ExploratoriumFog Effects & Mist Cooling
The Exploratorium San Francisco, California
Since 1969, San Francisco’s Exploratorium has sat at the intersection of art, science and human perception. Founded by experimental physicist and educator Frank Oppenheimer, the Exploratorium’s hands-on exhibits explore biology, physics, listening, cognition, visual perception, social behavior, and the environment. In addition to 550 employees, a quarter of them Ph.D.s, the Exploratorium has hosted 250 artists in residence.
The Exploratorium wanted an inaugural artwork for its “Over the Water” series to attract interest and draw visitors to its new location.
They selected Japanese artist Fujiko Nakaya to create a fog sculpture along a bridge connecting Piers 15 and 17.
As part of the opening celebration, the Exploratorium commissioned renowned artist, Fujiko Nakaya, to create Fog Bridge, a fog sculpture along a bridge linking Piers 15 and 17.
“On a pure physical level this piece is simply water floating in air, interacting with light,” says Exploratorium Director of Exhibits, Tom Rockwell. “But add a human witness and it becomes a dynamic art piece, one that sculpts fog, air, and light for visual and sensorial pleasure.”
Collaborations between Mee Industries and Fujiko Nakaya continued throughout the years including a permanent installation at the Guggenheim Bilbao Museum and a temporary one for Paris’s Nuit Blanche (White Night) celebration along the Champs Elysee in 2013. “Fog Bridge is an homage to San Francisco, recalling the beautiful experience of the city’s fog,” says Nakaya. ”It is like talking to nature and nature giving you back more than you can imagine.”
Fujiko Nakaya was born in Sapporo, Japan, in 1933. Her father, physicist Ukichiro Nakaya, is renowned for among other things, creating the first artificial snow in his laboratory at Hokkaido University. But Fujiko Nakaya chose to spend her life working with water that was in motion, rather than frozen, creating sculptures out of artificial fog.
Nakaya’s work with fog sculptures began when Experiments in Art and Technology (E.A.T.), founded by Bell Laboratories engineer Billy Kluver and artist Robert Rauschenberg, was working on the design of the Pepsi Pavilion for Expo ’70 in Osaka, Japan. E.A.T. had decided to create an artificial cloud to surround the building and enlisted Nakaya to oversee that project due to her connections with the meteorological community through her father’s work. While the clouds could be produced chemically, Nakaya wanted to produce the effect using water, something which had never been done. Kluver put her in contact with cloud physicist Thomas Mee, Jr., a former Cornell University researcher, then living in southern California.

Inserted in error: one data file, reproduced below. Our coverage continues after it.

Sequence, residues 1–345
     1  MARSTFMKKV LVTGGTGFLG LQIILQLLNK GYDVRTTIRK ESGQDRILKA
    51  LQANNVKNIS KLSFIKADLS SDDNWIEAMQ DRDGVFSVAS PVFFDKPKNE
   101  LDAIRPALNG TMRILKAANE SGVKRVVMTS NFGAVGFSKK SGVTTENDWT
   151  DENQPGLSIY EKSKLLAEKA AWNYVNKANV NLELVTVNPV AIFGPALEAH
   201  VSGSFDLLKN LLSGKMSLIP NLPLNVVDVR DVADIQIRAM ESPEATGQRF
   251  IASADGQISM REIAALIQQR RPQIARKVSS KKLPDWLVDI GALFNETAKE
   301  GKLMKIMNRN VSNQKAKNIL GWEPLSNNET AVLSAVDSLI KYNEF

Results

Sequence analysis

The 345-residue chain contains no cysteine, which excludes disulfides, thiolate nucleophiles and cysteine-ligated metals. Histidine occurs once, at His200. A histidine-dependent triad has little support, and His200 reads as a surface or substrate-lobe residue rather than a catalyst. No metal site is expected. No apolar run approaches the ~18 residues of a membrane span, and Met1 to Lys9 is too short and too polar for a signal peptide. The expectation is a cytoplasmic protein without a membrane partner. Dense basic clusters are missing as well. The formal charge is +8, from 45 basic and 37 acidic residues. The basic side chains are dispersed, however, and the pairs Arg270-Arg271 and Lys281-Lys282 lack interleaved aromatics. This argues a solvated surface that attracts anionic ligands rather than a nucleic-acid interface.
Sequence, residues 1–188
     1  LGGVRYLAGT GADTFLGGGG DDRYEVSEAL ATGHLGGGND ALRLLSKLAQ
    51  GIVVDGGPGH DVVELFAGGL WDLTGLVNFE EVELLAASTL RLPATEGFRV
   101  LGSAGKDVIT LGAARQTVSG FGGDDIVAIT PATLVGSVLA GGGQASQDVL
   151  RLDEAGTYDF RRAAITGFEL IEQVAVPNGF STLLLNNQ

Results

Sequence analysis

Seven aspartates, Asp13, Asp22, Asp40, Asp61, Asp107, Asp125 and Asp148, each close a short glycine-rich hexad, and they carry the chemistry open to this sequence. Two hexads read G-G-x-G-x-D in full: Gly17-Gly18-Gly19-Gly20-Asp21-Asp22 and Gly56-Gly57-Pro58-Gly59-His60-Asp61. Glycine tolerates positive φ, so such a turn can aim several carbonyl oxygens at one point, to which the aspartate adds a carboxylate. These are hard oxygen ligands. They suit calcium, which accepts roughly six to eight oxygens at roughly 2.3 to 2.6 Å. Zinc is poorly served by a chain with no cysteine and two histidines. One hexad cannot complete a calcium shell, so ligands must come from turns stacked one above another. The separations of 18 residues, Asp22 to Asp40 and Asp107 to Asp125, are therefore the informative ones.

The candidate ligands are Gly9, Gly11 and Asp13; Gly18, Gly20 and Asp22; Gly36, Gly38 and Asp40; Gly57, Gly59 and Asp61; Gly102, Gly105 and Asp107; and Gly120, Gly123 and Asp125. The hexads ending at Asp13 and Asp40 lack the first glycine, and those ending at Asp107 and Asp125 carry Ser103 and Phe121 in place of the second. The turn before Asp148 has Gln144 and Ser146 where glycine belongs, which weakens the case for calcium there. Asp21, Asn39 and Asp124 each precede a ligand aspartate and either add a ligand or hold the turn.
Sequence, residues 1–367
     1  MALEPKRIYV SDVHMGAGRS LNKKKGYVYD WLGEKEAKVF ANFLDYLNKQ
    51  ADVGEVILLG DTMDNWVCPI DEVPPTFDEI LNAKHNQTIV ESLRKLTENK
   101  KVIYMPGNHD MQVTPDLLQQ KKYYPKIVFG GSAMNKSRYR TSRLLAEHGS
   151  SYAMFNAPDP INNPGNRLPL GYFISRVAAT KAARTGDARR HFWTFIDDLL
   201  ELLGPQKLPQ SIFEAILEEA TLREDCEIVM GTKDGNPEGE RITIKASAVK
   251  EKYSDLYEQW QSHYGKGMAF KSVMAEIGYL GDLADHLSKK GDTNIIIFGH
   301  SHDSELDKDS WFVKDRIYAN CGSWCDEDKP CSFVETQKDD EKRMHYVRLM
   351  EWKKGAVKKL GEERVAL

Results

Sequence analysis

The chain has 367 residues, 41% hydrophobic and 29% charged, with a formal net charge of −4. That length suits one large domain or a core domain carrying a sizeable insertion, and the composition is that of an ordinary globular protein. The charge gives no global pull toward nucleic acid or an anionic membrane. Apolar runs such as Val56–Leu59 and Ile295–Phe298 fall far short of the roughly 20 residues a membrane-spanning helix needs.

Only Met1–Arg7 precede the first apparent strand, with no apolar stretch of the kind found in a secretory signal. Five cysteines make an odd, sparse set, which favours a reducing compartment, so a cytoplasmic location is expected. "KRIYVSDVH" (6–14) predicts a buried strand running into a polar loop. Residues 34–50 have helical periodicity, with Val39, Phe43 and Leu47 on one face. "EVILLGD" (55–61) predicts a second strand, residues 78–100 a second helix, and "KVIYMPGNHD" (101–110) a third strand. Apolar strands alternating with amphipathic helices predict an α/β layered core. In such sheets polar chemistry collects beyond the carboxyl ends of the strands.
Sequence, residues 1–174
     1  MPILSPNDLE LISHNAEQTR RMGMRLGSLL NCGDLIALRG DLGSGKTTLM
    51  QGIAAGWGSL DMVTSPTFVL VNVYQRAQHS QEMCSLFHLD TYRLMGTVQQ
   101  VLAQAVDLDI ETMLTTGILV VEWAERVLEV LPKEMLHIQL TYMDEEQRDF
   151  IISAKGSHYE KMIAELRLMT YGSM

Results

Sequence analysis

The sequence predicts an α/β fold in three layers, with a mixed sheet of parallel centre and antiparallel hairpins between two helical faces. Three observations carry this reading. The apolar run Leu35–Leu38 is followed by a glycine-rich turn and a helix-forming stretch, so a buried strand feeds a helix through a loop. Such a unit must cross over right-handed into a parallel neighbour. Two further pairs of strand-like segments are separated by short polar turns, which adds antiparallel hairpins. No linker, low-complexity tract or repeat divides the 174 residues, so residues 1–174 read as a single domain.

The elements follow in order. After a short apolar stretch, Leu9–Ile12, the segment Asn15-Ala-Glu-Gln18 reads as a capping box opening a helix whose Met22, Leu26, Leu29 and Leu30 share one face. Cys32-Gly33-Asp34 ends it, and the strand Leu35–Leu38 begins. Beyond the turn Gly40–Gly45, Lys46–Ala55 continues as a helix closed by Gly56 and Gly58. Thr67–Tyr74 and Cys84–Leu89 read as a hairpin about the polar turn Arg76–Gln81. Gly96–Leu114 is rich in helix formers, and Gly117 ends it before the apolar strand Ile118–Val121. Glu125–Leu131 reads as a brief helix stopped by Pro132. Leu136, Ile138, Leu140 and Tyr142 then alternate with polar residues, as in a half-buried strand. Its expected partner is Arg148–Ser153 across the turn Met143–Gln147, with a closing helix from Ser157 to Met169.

The problem was how to create water droplets of the right size so that they would have characteristics similar to natural fog: remaining suspended in the air, rather than immediately falling to earth. Conducting experiments in his back yard, Mee developed the technology necessary to create the first water-based artificial fog.
The technology consists of using high pressure pumps to direct the water through a series of tubes to an array of specially designed nozzles. The water then sprays through a tiny .006” orifice and immediately strikes the point of a pin, which splits the water stream into billions of minute droplets with diameters in the range of 15 to 20 microns.
Mee installed four high-pressure pumps to direct water to an array of 832 specially designed nozzles placed along the bridge. An anemometer was installed to measure the wind speed and a computer program controls the pumps to create the right amount of fog depending on weather conditions.
“We love being able to continue our collaboration with Ms. Nakaya in creating these sculptures,” says Mee Industries CEO Thomas Mee III. “Most of our fogging systems are used for industrial purposes and hidden away inside ducts or buildings, but her sculptures allow millions of people around the world to appreciate fog’s natural beauty.”
While Fog Bridge was originally scheduled to close October 2013, due to its popularity the Exploratorium wanted to extend the exhibition. To make this possible, Mee Industries donated the equipment so that visitors can continue to experience the fog sculpture indefinitely.